PMA P0332 German Mid Production Sd. Kfz. 181 PzKpfw VI Tiger Ausf. E Heavy Tank - '111', schwere Panzerabteilung 501, Orsha, Russia, 1944 [Bonus Maybach HL 230 TRM P45 Engine] (1:72 Scale)
"The gun and armor of the Tiger were superb, making it in many ways the most formidable tank in service. Even so, it was poor in maneuver, it was slow, and its turret was a slow traverser in action. It was a tank which was, at its best, immobile in ambush, when its killing power was very frightening."
- Douglas Orgill, "German Armor"
The German Waffenamt issued an order to design the VK4501(H) (as the PzKpfw VI Ausf. E was then known) in May 1941, just one month prior to the commencement of Operation Barbarossa. Interestingly, Henschel und Sohn of Kassel was charged with building the heavily armored chassis while Krupp, by far the largest munitionwerks in Germany, was given the task of developing the turret. The PzKpfw VI Ausfuhrung E (type E) was one of the first German tanks to feature a torsion bar with eight interleaved wheels, which was designed to support the weight of the mammoth 57-ton tank. The Ausf. E mounted a huge 8.8cm KwK36 L/56 cannon and featured two MG34 machine guns for close support against enemy infantry. By war's end, 1,354 vehicles had been produced, some rolling off the Wegmann assembly line.
This particular 1:72 scale replica of a German Tiger Ausf. E heavy tank was attached to schwere Panzerabteilung 501, then deployed to Orsha, Russia, during 1944. Comes with bonus Maybach HL 230 TRM P45 engine.
Now in stock!
Release Date: April 2020
Historical Account: "Fighting Withdrawal" - For the men of schwere Panzerabteilung 501, 1944 rapidly devolved into an exhausting year. Originally commanded by Major Erich Lowe, the unit had been reformed in late 1942 from remnants of the old battalion, including several wounded tank crewmen who had been evacuated to Europe for recuperation before the unit's demise in Tunisia. Rebuilt and re-staffed, by November 12th it comprised some 45 Tiger I tanks (three companies of 14 tanks, plus three tanks for battalion command). Between December 5th-12th, the battalion was transferred to the Vitebsk region in what is modern-day Belarus. On December 20th, the 501st attacked an enemy tank formation near Losovka, inflicting 21 enemy tanks destroyed and some 28 guns put out of action, all for the loss of two of its own tanks and all three company commanders wounded. Because infantry support was unable to follow up its success, the 501st was forced to withdraw. Three days later, Major Lowe, the battalion commander, went missing after he was forced to change tanks when his own was knocked out. In the next five days, the battalion destroyed 81 enemy tanks. By the end of December, 16 Tigers were operational out of 39 available, two having fallen into Soviet hands.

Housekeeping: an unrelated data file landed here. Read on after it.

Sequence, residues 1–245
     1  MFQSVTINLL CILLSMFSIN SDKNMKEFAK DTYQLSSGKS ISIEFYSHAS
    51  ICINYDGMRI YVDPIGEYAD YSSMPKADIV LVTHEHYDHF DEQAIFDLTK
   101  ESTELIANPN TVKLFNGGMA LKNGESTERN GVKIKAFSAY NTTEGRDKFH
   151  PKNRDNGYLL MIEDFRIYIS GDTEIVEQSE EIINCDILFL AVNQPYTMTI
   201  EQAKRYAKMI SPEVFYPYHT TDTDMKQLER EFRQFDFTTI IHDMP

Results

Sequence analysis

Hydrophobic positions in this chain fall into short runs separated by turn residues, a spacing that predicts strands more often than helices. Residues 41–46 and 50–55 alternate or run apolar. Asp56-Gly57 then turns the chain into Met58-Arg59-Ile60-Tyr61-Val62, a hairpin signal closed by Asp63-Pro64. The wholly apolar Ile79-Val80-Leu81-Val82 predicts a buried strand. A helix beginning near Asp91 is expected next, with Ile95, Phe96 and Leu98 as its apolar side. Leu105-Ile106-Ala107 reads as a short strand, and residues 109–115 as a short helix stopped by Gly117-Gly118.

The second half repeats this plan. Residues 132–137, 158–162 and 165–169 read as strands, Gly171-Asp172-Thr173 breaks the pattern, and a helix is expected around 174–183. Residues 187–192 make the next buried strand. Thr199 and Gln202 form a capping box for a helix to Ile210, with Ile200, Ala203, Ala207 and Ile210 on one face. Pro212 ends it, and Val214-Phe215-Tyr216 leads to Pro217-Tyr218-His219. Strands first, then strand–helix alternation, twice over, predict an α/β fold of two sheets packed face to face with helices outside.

Major von Legat took command in January 1944 and the battalion carried out missions in the Orsha region. On January 13th, a Tiger was destroyed by an artillery shell plunging through its turret roof. On February 13th, failed attacks led to the loss of a further nine Tigers. By March 1st, only 17 Tigers were available for action out of 29 due to a lack of spare parts.
On March 12th, the battalion joined the 256.Infanterie division in a counterattack north of Nipinzy; by the next day, the enemy forces were surrounded and destroyed. By April 1st, spare parts had been delivered and 27 tanks were again operational.
In June, nine tanks were transferred to schwere Panzerabteilung 509, leaving 20 operational. On June 23rd, Operation Bagration was launched by the Red Army. Fighting at Orsha resulted in the battalion having to be dispersed, leading to several days of independent tank battles, some against IS-2s. Under the weight of a withdrawing Tiger, the Orsha bridge collapsed, and several others ran out of fuel. The rest retreated towards the Berezina River, where only six could be ferried across, the rest being blown up by their crews on July 1st.
By July 2nd-4th, ad-hoc defenses of dispersed Tigers fell back towards the Minsk area; despite the arrival of five replacement vehicles, which boosted operational forces to seven, two were lost, and another broke down. The next day, several Tigers ran out of fuel while withdrawing near Maladzyechna; another bogged down, and all three immobilized Tigers were blown up. Operational tank strength dropped to zero and the year was only half over.